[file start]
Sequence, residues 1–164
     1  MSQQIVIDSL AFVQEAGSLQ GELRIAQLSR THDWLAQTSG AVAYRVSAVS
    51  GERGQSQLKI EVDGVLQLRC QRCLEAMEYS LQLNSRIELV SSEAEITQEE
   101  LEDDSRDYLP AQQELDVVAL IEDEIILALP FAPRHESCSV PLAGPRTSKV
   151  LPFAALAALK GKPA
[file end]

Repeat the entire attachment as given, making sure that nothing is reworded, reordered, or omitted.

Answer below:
Sequence, residues 1–164
     1  MSQQIVIDSL AFVQEAGSLQ GELRIAQLSR THDWLAQTSG AVAYRVSAVS
    51  GERGQSQLKI EVDGVLQLRC QRCLEAMEYS LQLNSRIELV SSEAEITQEE
   101  LEDDSRDYLP AQQELDVVAL IEDEIILALP FAPRHESCSV PLAGPRTSKV
   151  LPFAALAALK GKPA